Which part of “irreversible” did you not understand?

There is and there isn’t news. The Catalan parliament’s declaration --and Rajoy’s latest threat saying he will ensure it is inconsequential-- is news. But it is hardly a novelty. We have known that the independence process is ticking along for some time, so that is hardly news. Likewise, the Spanish government’s stubborn intransigence and its partisan use of the state’s apparatus is no news. It’s what there is.

The adjective that I have used the most to define the independence process is “irreversible”. Every time we have met a new hurdle, every time a clever pundit’s wishful thinking deemed that the independence bid was doomed, I made a point of saying so. And, oh dearie me, when they woke up the next morning, secession hadn’t gone away. I can think of no worse ridicule than those who have solemnly declared the process dead ten times and, instead of hiding away in shame, they keep on issuing the same forecast, in the off chance that they should get lucky.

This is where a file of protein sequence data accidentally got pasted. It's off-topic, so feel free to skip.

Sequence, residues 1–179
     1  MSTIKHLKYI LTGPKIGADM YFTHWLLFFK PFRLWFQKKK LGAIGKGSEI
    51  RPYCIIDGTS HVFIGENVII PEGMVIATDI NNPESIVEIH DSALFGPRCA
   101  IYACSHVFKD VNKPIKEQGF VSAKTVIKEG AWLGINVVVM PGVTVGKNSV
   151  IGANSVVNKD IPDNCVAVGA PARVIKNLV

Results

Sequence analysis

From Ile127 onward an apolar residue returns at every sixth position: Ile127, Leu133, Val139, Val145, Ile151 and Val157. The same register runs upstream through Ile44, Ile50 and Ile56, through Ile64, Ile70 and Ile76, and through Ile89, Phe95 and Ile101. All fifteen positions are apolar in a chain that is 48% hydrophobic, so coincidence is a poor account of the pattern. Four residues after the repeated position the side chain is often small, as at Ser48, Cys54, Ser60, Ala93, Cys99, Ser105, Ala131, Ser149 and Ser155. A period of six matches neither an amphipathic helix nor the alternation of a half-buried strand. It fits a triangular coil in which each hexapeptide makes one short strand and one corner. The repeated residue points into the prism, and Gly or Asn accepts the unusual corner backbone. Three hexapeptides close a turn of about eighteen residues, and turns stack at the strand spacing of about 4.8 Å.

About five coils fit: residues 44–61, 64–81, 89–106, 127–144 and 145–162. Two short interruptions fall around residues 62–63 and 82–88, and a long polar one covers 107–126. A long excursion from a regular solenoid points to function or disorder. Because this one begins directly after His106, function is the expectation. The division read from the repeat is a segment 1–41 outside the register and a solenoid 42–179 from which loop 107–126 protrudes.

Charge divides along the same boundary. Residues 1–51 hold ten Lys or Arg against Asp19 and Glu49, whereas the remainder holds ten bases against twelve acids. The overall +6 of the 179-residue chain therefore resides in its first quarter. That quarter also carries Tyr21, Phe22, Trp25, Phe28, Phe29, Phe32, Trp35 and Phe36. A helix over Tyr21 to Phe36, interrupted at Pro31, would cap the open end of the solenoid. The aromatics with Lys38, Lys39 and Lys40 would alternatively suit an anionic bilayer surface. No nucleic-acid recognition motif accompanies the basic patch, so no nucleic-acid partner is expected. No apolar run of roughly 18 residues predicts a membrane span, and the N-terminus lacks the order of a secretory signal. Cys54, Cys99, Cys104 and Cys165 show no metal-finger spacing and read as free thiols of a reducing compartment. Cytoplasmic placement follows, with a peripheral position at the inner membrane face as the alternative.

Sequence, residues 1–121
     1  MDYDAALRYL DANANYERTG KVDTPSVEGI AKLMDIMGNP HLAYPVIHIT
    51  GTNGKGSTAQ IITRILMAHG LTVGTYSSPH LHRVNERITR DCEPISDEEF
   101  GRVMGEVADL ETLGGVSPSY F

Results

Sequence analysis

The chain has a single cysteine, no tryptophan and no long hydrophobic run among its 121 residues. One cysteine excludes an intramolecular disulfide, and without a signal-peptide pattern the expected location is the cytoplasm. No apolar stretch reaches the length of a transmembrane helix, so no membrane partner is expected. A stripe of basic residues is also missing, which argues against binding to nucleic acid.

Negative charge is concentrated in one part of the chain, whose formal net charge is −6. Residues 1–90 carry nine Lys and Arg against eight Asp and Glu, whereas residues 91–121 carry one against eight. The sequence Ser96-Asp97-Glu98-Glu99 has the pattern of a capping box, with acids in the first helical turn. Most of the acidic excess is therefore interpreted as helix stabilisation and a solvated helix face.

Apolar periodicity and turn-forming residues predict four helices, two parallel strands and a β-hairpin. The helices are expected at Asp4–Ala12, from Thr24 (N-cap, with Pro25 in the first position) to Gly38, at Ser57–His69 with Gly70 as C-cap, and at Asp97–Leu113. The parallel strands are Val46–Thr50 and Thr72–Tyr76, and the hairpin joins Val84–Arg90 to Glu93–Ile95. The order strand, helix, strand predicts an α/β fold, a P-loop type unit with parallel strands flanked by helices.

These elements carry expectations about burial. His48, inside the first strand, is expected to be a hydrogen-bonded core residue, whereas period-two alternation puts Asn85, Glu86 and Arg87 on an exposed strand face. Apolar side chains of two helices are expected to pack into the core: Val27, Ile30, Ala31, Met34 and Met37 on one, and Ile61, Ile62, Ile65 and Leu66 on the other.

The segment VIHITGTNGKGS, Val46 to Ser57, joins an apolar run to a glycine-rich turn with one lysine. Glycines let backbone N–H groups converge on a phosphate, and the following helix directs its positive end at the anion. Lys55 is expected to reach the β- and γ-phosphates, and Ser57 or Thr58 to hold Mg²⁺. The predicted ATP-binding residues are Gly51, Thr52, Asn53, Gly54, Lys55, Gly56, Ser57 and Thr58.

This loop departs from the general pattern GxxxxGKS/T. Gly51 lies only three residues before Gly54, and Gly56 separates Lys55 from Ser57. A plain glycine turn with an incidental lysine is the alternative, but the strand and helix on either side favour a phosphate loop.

Of course the parliament’s declaration will have an effect. Nobody can prevent two million politically active people and a majority in parliament from forging ahead decidedly.

The independence process is irreversible, but it doesn’t mean that it is predictable or easy; or that it will end the way its proponents hope. It is so complex and it must overcome such obstacles that every pitfall requires a new window to be opened impromptu in order to move onto the next stage. These are innovative windows, often unexpected, which aren’t the result of gratuitous creative excesses, but of Spain’s political, economic and media system, a system that prefers to talk itself into believing that nothing’s afoot to the point that it actually believes its own lies. An arrogant system that has two deaf posts for ears